Redistricting: What to Know Now

4 mins read

Image credits: Political Cartoons

Redistricting has been hijacked. Partisanship has increased. Political districts are supposed to be revised to to reflect population changes but instead they’re being manipulated. Politicians in gerrymandered districts ignore their voters knowing that they cannot be voted out.

Redistricting occurs every ten years and it next happens in 2021. It’s time to understand redistricting trickery and free resources available so activists are better prepared to advocate for fair representation.

This blog presents an overview of redistricting. Future blogs will cover the apps for activists to draw fair district maps for hearings in more detail.

  • How redistricting is supposed to work
  • How Republican operatives hijacked the process to seize control. What is RatF***kery?
  • What are four of the worst gerrymandered districts? What is packing and stacking?
  • Free apps to draw fair district boundaries for public hearings like District Builder and Dave’s Redistricting
Redistricting is the process by which governments redraw political districts. It applies to all levels of government where district elections.


Redistricting occurs every ten years for the government to redraw political districts to reflect how populations have changed over the past decade to provide fair representation. It plays a critical role in who runs for office, who is elected, and how they vote once they’re in office. The makeup of a district can significantly influence how and whether elected officials respond to a community’s needs.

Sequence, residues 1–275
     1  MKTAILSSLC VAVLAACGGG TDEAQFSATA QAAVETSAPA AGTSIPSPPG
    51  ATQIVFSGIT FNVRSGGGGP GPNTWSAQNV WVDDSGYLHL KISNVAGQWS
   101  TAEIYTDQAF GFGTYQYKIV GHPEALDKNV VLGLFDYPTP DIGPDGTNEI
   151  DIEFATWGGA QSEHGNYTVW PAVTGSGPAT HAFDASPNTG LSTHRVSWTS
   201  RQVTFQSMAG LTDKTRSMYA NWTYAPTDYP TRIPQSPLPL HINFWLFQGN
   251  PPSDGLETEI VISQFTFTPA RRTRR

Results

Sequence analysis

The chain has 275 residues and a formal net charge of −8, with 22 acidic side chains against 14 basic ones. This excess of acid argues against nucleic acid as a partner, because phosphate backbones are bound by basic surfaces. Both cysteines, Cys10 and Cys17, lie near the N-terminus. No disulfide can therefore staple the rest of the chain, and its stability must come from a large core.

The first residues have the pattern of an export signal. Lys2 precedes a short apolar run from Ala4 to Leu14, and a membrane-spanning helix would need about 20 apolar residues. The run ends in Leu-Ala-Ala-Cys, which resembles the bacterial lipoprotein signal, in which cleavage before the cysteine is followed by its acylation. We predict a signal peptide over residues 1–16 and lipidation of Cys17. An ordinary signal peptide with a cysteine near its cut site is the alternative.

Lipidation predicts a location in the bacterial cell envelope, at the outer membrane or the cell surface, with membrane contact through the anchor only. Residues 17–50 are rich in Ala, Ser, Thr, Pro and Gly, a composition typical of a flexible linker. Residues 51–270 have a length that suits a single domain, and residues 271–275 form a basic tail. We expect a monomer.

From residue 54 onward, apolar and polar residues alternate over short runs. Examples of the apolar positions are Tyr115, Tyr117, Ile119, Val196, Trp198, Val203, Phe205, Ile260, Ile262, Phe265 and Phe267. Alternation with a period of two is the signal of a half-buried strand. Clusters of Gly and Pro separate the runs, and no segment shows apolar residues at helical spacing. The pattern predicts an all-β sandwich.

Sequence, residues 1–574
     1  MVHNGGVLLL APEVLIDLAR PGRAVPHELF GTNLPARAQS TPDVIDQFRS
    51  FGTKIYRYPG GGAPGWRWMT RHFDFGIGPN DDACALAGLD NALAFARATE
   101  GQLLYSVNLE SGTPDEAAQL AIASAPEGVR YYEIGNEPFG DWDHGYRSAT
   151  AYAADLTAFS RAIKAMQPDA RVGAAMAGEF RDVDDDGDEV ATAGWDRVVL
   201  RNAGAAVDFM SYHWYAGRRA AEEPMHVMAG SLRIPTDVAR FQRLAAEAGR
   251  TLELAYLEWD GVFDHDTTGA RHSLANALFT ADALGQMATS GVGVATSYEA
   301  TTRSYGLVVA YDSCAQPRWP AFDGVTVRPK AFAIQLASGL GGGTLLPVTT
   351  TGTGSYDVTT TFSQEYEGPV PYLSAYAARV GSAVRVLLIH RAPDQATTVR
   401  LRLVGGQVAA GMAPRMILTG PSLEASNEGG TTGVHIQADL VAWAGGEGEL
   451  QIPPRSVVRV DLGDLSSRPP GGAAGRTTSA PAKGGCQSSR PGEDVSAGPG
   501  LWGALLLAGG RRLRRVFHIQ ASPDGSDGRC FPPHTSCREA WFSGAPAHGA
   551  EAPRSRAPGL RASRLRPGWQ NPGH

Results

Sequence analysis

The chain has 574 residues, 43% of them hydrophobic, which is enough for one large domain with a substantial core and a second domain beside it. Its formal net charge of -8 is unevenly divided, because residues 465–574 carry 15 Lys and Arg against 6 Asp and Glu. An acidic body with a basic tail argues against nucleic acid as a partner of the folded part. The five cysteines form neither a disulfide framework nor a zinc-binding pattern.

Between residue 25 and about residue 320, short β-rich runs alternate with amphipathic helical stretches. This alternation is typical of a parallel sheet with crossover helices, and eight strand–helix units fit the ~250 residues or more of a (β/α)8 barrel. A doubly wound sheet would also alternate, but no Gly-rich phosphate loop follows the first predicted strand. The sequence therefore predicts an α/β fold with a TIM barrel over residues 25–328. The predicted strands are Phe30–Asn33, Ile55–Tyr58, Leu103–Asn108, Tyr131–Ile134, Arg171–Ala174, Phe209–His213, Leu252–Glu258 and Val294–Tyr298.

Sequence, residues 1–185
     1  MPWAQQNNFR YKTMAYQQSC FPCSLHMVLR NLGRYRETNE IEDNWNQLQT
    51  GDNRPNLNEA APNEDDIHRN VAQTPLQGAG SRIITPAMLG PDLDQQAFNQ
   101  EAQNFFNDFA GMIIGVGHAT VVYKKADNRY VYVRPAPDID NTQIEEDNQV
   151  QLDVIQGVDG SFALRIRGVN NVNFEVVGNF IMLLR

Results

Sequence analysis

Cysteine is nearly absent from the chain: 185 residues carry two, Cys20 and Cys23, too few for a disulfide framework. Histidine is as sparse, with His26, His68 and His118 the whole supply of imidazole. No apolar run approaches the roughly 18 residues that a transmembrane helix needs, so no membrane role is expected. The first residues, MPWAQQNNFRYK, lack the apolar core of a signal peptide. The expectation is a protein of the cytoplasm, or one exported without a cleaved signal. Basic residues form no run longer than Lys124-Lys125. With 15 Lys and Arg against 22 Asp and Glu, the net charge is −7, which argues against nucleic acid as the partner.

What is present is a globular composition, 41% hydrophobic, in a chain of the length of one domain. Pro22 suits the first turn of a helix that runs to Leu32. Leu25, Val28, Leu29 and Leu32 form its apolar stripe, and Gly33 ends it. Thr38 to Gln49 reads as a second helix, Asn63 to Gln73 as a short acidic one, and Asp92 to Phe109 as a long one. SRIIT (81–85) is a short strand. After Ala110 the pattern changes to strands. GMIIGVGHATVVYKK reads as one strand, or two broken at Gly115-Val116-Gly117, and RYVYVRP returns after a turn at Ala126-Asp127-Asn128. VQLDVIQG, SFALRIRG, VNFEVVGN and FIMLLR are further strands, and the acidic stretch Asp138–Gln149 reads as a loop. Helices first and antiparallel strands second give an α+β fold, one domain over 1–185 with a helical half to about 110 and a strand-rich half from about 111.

Redistricting determines who is elected, economic opportunity, healthcare, schools, roads and other resources allocated to a district. Redistricting is supposed follow [these] principles:
Contiguity: Every district has to remain connected–they can’t “jump” from one place to another.
Compactness: With few exceptions, districts shouldn’t be drawn in extremely odd shapes.
Communities of Interest: Generally, districts should try to keep populations that share interests–e.g., fishing communities–together as much as possible.
– Power Coalition

Free apps to make complex issues easier to understand

Redistricting can be complex and has many facets. This complexity is used to hide the manipulation underway. I used Wakelet and StoryMaps to describe redistricting and free resources for activists advocating for fair representation. The apps are free and create digital stories that are easily shared and revised.

  • Wakelet – to collect, curate and share web content as a link.
  • StoryMaps – to create stories with interactive maps, text, images and videos that can be shared with a link.
Politicians use redistricting to draw their districts to stay in power. Learn more to advocate for fair redistricting in 2021.
Redistricting Wakelet
Redistricting and gerrymandering distort the democratic process.
Redistricting StoryMap


  • District Builder – Free app that puts the power of drawing electoral maps in the hands of the people to increase transparency and prevent gerrymandering.
  • Dave’s Redistricting – Free app to empower citizens to advocate for fair and transparent redistricting. Create, analyze and share district maps with DRA 2020.
  • Power Coalition – Understand the redistricting process and how citizens can advocate for fair representation.
  • Ranker – The twelve most gerrymandered districts in the country.

Takeaway: Help more people understand redistricting and prepare to advocate for fair representation in the 2021 redistricting process.


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